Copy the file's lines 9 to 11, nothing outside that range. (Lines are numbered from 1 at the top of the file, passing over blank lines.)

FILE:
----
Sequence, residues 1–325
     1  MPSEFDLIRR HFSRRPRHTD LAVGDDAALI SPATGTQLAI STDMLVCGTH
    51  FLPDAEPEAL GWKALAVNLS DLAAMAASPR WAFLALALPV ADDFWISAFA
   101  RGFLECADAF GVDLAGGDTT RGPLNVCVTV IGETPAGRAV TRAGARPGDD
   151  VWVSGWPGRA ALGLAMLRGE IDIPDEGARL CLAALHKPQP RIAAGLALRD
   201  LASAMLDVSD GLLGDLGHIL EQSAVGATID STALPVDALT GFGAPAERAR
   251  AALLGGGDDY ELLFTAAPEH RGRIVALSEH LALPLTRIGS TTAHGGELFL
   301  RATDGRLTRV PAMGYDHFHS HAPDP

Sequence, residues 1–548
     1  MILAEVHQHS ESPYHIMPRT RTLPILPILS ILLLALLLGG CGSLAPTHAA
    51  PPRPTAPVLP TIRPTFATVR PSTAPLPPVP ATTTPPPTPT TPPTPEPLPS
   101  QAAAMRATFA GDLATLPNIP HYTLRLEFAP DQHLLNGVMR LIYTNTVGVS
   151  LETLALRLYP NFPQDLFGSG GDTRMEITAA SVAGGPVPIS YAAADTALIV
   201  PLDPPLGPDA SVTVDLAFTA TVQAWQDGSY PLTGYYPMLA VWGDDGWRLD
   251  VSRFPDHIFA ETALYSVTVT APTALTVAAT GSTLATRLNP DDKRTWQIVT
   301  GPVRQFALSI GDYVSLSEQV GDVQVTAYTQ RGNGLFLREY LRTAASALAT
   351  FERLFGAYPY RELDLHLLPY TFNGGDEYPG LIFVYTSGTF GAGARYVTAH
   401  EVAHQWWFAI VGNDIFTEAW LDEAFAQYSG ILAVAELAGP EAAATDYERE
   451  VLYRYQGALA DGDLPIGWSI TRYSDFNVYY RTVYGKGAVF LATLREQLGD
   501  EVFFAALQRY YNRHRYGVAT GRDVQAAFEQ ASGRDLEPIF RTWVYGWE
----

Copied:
Sequence, residues 1–548
     1  MILAEVHQHS ESPYHIMPRT RTLPILPILS ILLLALLLGG CGSLAPTHAA
    51  PPRPTAPVLP TIRPTFATVR PSTAPLPPVP ATTTPPPTPT TPPTPEPLPS